Cannabis sativa L. is an annual herbaceous dioecious plant which was first cultivated by agricultural human societies in Asia. Over the period of time, various parts of the plant like leaf, flower, and seed were used for recreational as well as therapeutic purposes. The main chemical components of Cannabis sativa are termed as cannabinoids, among them the key psychoactive constituent is Δ-9-tetrahydrocannabinol and cannabidiol (CBD) as active nonpsychotic constituent. Upon doing extensive literature review, it was found that cannabis has been widely studied for a number of disorders. Very recently, a pure CBD formulation, named Epidiolex, got a green flag from both United States Food and Drug Administration and Drug Enforcement Administration for 2 rare types of epilepsies. This laid a milestone in medical cannabis research. This review intends to give a basic and extensive assessment, from past till present, of the ethnological, plant, chemical, pharmacological, and legal aspects of C. sativa.

Prolonged Medical Cannabis Treatment is Associated With Quality of Life Improvement and Reduction of Analgesic Medication Consumption in Chronic Pain Patients

Chronic non-cancer pain (CNCP) is one of the most prevalent indications for medical cannabis (MC) treatment globally. In this study, we investigated CNCP parameters in patients during prolonged MC treatment, and assessed the interrelation between CNCP parameters and the chemical composition of MC chemovar used.

,

Mini-Review Cannabis in palliative care: current challenges and practical recommendations

Pain and symptom control challenges are common in palliative care, and the search for other therapeutic strategies is ongoing. Unfortunately, patients and their caregivers are receiving little information or support from healthcare providers regarding the increasingly popular cannabinoid-based medicines (CBM). Clinicians, meanwhile, feel understandably perplexed by the discrepancy between the available evidence and the rapid interest in which patients and their families have demonstrated for CBM. There is an urgent need to address the many challenges that are delaying the appropriate integration of CBM into clinical practice, notwithstanding the obvious need for a solid general knowledge of pharmacology, mechanism of action and available clinical evidence supporting its use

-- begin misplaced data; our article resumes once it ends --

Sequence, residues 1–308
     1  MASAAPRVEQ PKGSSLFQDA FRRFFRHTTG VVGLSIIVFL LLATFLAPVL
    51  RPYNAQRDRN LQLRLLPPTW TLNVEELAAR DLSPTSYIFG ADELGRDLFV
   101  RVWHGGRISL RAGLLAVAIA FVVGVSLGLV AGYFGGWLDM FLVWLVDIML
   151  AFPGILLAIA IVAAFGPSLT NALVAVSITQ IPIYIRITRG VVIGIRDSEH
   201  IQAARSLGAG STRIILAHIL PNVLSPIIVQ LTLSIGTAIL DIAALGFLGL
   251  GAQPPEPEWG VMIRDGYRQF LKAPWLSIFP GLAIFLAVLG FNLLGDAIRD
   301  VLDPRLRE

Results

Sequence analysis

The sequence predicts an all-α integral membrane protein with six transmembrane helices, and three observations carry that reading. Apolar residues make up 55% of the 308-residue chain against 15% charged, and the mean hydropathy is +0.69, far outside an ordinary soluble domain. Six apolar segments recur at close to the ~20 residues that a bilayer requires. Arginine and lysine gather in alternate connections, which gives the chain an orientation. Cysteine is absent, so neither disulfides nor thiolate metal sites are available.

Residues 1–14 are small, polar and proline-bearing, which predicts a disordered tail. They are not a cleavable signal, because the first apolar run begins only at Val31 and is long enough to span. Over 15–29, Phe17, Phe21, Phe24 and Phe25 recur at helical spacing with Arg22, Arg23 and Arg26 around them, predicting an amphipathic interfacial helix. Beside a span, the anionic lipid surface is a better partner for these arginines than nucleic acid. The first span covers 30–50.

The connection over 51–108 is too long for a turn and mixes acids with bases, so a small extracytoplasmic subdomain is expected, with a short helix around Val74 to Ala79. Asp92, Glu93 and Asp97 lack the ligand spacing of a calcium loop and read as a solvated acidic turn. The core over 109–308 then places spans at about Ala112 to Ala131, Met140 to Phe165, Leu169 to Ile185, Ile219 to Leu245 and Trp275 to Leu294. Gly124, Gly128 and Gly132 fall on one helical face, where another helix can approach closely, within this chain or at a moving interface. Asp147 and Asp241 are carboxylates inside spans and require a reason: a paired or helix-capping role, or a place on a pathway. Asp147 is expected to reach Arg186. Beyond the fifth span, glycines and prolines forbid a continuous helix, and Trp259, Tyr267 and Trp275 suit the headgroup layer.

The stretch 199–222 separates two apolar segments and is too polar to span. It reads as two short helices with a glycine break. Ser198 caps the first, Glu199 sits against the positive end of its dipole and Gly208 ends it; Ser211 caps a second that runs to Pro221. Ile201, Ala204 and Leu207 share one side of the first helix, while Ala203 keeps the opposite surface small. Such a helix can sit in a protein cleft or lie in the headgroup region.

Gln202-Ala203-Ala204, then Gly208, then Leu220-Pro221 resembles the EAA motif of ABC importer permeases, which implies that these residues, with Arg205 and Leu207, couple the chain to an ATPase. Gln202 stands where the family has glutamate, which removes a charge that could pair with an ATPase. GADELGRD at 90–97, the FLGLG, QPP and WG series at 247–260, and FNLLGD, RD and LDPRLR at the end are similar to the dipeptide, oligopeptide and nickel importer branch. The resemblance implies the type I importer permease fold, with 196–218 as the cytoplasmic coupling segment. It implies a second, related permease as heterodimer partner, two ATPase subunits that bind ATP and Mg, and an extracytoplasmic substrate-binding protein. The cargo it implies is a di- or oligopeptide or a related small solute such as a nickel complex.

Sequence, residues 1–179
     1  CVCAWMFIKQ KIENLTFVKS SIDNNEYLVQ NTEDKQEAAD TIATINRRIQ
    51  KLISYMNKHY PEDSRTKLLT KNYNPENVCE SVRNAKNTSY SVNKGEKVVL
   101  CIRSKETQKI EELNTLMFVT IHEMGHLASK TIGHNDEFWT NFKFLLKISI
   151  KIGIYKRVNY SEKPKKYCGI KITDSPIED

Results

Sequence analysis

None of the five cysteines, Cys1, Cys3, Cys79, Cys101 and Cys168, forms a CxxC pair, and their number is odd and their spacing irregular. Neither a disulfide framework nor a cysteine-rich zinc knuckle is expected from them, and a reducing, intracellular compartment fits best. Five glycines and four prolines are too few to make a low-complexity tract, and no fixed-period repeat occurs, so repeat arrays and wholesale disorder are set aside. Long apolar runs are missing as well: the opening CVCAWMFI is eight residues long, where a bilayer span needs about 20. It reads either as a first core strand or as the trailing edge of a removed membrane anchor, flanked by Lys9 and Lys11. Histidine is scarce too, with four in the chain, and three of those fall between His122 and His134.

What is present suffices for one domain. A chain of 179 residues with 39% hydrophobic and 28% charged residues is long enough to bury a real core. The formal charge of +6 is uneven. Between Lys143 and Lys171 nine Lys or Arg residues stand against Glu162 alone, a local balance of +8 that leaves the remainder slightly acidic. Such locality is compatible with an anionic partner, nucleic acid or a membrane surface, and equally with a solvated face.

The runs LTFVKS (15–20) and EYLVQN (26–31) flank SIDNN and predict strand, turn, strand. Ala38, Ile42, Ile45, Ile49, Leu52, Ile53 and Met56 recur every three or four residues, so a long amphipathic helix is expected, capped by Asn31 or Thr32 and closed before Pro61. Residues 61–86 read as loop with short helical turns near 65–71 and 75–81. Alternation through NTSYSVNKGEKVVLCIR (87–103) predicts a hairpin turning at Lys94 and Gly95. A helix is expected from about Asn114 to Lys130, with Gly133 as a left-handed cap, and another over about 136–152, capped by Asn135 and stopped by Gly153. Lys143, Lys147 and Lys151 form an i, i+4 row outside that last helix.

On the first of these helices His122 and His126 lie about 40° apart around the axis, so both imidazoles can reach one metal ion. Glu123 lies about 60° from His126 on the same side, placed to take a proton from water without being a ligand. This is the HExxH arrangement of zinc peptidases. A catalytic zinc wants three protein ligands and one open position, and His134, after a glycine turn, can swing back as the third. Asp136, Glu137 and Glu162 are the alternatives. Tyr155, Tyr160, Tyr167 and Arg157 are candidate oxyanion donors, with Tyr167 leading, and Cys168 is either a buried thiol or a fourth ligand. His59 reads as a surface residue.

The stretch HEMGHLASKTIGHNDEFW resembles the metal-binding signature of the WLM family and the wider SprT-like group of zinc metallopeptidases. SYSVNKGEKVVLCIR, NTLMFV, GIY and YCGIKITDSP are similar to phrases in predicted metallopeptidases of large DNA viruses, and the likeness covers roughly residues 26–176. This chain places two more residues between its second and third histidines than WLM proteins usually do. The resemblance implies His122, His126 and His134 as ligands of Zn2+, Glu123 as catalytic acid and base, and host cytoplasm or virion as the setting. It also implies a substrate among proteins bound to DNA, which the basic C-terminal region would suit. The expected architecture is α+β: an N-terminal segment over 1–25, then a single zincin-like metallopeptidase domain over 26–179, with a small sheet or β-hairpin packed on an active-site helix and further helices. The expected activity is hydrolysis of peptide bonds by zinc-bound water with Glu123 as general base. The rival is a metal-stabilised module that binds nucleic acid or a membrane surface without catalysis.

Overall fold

,

Cannabidiol Treatment Results in a Common Gene Expression Response Across Aggressive Cancer Cells from Various Origins

Glioblastoma multiforme (GBM) is a relatively rare type of brain tumour with an incidence rate around 6 per 100,000. Even with the widely practiced combination of radiotherapy with adjuvant temozolomide, the median overall survival remains low with just 13.5 to 16 months after diagnosis. Patients and Methods: We retrospectively reviewed the survival of a cohort of 15 consecutive, unselected patients with histopathologically confirmed glioblastoma multiforme (GBM) who received CBD (400 to 600 mg orally per day) in addition to standard therapy (maximum resection of the tumour followed by radio- chemotherapy). Results: Of 15 patients, seven (46.7%) are now living for at least 24 months, and four (26.7%) for at least 36 months. This is more than twice as long as has been previously reported in the literature. The mean overall survival is currently 24.2 months (median 21 months). Conclusion: CBD is a well supported co-medication and seems to prolong the survival of patients with glioblastoma multiforme.